HOLLYWOOD—Looks like Katy Perry is in the good graces of the Catholic Church. Miss Perry and the Catholic Church have been awarded almost $10 million in damages after the star’s plans to buy a former LA convent ended up in court. Perry agreed to purchase the hilltop property back in 2015 for $14.5 million. However, two of the nuns who used to live there objected, and instead sold it to restaurateur Dana Hollister without the approval of the archdiocese. So last month, the jury found that Hollister intentionally interfered with Perry’s planned purchase.
The businesswoman made her purchase of the eight acre property with the cooperation of Sisters Rita Callanan and Catherine Rose Holzman, who maintained they had the authority to sell. In contrast to Perry’s multi-million dollar purchase, Hollister paid just $44,000 with an agreement to pay a further $9.9 million after 3 years. The property has a sweeping view of San Gabriel Mountains. According to published reports, the sisters said they were uncomfortable handing over the former convent to Perry who, despite coming from a church background, is known for provocative songs like “I Kissed A Girl” and “California Gurls.”
It seems that they refused to change their minds even after Perry visited to plead her case-showing the nuns “a Jesus tattoo on her wrist” and performing a rendition of the gospel hymn “Oh, Happy Day.” The church and Perry’s lawyers contended that the sisters did not have the right to sell the property, which they vacated in 2011. They did not obtain the required legal blessings of Archbishop Jose Gomez and the Vatican- which must approve the sale of any property for more than $7.5 million-they argued in court.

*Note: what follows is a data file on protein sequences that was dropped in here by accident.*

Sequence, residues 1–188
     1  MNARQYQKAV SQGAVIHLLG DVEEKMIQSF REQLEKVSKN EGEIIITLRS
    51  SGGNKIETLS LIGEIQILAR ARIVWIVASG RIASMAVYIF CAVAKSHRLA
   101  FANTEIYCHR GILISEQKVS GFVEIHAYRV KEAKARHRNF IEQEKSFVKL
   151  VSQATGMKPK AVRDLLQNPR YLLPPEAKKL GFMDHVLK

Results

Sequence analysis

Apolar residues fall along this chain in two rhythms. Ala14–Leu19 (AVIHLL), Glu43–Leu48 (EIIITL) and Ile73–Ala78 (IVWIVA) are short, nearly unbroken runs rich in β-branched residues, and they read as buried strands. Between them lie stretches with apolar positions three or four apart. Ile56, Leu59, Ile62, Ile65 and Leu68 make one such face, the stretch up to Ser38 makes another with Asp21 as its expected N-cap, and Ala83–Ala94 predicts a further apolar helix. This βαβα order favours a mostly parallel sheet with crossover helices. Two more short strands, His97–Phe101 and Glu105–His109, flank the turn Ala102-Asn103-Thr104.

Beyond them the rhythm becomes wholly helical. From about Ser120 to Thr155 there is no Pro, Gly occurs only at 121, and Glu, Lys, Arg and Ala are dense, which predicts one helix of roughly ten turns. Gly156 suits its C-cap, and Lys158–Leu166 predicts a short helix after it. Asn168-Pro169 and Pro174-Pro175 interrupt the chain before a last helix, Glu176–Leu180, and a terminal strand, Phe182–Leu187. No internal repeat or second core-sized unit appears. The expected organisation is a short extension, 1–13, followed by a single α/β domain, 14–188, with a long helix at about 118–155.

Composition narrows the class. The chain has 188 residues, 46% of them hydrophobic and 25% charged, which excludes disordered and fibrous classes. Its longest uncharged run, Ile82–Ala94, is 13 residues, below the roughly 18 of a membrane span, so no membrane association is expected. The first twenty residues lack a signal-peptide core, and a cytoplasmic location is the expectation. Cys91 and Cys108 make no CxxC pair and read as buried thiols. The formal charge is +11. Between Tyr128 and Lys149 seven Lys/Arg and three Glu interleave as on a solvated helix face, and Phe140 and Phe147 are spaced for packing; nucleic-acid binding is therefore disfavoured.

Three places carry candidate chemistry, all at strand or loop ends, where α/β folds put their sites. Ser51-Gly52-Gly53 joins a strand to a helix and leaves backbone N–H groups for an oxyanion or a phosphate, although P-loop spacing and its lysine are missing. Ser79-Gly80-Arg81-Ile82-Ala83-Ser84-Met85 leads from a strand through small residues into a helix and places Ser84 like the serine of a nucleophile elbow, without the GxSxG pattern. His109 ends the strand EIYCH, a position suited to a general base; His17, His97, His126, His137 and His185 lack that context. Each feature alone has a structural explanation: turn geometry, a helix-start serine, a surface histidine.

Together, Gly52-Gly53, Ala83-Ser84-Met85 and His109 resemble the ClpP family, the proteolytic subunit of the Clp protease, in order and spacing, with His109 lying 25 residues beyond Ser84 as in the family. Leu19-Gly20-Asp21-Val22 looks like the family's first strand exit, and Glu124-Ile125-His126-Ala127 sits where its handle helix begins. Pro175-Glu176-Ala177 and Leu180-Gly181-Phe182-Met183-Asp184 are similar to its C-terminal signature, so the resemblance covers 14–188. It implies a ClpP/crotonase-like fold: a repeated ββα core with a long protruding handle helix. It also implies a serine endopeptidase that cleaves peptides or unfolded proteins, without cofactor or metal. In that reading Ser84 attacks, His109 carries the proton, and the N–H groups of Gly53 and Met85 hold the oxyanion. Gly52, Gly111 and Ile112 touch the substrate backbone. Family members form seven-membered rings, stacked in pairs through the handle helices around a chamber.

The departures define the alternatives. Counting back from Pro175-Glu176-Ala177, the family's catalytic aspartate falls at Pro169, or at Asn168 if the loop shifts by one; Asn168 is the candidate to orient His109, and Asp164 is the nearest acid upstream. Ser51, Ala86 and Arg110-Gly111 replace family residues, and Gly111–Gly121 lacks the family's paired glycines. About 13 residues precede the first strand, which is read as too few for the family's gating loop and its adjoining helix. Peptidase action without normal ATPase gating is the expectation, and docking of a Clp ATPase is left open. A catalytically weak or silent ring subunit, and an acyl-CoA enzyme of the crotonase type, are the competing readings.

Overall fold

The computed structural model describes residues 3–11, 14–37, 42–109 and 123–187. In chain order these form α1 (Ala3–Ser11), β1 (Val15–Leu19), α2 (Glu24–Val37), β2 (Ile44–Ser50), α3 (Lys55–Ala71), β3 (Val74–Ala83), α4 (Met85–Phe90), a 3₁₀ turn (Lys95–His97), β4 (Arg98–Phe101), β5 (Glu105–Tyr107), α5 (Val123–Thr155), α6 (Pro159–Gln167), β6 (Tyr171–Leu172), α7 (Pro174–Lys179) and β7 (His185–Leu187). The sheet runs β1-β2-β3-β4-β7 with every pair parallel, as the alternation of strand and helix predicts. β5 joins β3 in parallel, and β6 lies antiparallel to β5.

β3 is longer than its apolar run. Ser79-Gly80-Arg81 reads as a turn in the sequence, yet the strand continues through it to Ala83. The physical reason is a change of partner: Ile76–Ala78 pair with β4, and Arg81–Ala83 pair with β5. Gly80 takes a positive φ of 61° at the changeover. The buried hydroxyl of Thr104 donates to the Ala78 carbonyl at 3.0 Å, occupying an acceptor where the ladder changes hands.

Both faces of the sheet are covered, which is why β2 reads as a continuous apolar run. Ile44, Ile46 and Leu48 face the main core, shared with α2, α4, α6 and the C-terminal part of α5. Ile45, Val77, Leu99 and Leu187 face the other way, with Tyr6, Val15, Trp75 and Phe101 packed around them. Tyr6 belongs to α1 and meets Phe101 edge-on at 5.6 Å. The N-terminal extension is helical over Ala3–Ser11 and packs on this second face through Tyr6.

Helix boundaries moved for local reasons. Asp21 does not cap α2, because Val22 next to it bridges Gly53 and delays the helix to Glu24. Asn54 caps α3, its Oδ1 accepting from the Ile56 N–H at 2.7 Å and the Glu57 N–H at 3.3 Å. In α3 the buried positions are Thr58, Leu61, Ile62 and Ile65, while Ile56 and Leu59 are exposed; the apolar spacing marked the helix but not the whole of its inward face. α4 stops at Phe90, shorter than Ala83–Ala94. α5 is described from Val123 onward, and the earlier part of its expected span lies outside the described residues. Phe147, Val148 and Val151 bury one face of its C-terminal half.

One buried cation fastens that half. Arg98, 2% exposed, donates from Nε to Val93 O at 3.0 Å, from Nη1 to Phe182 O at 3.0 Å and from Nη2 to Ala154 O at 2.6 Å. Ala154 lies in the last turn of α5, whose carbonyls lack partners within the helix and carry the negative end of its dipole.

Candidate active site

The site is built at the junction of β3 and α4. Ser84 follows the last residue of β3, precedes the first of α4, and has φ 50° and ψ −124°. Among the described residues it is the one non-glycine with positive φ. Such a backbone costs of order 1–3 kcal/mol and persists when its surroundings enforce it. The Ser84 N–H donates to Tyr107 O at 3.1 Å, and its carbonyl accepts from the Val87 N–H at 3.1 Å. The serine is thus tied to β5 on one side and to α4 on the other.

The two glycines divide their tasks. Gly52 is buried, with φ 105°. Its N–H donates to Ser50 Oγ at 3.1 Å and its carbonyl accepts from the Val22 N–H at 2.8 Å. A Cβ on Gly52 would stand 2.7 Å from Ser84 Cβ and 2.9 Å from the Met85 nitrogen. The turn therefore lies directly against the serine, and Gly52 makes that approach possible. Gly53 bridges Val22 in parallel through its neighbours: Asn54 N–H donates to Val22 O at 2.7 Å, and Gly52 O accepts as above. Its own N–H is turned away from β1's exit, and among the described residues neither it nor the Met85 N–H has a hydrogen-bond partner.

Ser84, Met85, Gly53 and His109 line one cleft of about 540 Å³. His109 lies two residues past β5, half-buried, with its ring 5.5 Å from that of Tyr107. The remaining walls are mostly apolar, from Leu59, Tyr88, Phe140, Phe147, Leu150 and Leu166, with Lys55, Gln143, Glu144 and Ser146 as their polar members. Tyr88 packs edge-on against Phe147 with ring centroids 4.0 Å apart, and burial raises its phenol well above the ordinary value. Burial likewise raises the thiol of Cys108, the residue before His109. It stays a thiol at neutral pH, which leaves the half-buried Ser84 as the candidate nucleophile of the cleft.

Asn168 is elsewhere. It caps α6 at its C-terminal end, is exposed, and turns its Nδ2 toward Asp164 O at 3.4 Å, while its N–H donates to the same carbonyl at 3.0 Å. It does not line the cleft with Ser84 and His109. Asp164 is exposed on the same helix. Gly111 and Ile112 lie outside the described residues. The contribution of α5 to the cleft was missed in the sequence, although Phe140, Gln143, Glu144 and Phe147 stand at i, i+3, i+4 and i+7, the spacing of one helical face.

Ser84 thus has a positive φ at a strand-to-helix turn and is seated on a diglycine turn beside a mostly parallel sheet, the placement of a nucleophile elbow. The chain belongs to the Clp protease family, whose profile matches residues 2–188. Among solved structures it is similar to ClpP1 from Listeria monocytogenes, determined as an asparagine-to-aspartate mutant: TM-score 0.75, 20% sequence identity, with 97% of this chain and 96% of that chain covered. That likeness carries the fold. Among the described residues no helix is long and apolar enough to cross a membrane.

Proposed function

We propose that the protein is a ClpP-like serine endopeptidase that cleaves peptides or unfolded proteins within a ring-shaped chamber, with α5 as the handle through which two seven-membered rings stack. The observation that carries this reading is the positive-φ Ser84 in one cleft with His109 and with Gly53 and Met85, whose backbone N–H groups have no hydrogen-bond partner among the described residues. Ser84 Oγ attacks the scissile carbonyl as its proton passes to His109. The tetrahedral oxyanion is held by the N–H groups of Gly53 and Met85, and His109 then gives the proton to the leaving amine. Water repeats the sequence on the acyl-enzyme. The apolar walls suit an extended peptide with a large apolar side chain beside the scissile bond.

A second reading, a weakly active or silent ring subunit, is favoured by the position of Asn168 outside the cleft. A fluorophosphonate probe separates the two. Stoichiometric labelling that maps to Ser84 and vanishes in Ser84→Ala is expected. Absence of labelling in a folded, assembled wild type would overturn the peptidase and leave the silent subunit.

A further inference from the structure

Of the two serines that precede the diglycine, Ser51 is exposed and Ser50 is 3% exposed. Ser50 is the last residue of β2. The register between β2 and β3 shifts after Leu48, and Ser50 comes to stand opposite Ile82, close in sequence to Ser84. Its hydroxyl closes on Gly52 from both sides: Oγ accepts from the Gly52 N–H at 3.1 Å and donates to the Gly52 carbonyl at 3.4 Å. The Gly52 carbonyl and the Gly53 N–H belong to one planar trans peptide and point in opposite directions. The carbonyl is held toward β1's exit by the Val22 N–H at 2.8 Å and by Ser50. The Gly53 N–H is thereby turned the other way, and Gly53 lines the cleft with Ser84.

A Superior Court Judge ruled in the church’s favor earlier this year, and a jury decided in November that Hollister should have been aware her purchase was invalid. The businesswoman acted with malice in persisting with her claim to the property,which she planned to turn into a boutique hotel, the court found. She was ordered to pay the archdiocese $3.47 million and Perry’s company, Bird Nest LLC, $1.57 million in legal fees. On December 4, Hollister was also ordered to pay $10 million in punitive damages. Two-thirds of the sum will go to the Roman Catholic Archbishop of Los Angeles and one-third will go to Perry.
Michael Geibelson, Hollister’s lawyer, said his client’s assets were worth about $4 million, meaning she will not be able to pay either fee in full. Perry now hopes to be able to complete her purchase of the convent, which includes an agreement to “provide an alternative property for a house of prayer” worth $4.5 million, according to the archdiocese. Katy Perry must be extremely happy, however, Hollister’s lawyer has indicated she intends to appeal the ruling. Perry, 33, has been riding high, with her Witness tour. She has spared no expense on the staging and technology, Perry’s concert is as terrific as fellow big-spenders Madonna, Beyonce, Celine Dion, Gaga and Stefani.
No Doubt singer, Gwen Stefani has spent the last 12 months surrounded by sleigh bells as she worked on her first festive album, recording classics like “Let it Snow” and “Santa Baby” in the blazing heat of summer. Inspiration comes anywhere, and arrived while Stefani was out for a run at her boyfriend Blake Shelton’s ranch- a 200-acre property full of deer in the plains of Oklahoma. Thus, Christmas Eve was born. The album, “You Make It Feel Like Christmas,” is a refreshing palate-cleanser after Stefani’s last solo release, 2016’s “This is What The Truth Feels Like.” That record came in the wake of her divorce from Gavin Rossdale and a subsequent, unexpected, romance with Blake Shelton, her co-host on the TV show, “The Voice.” She even appeared with him last week in a duet. “You Make It Feel Like Christmas” is out now.
Rose’s Scoop: Nicknamed the French “Elvis Presley” France’s biggest rock star Johnny Hallyday passed away on December 6 after a battle with lung cancer at the age of 74. The singer sold about 100 million records and starred in a number if films in a career that began in 1960.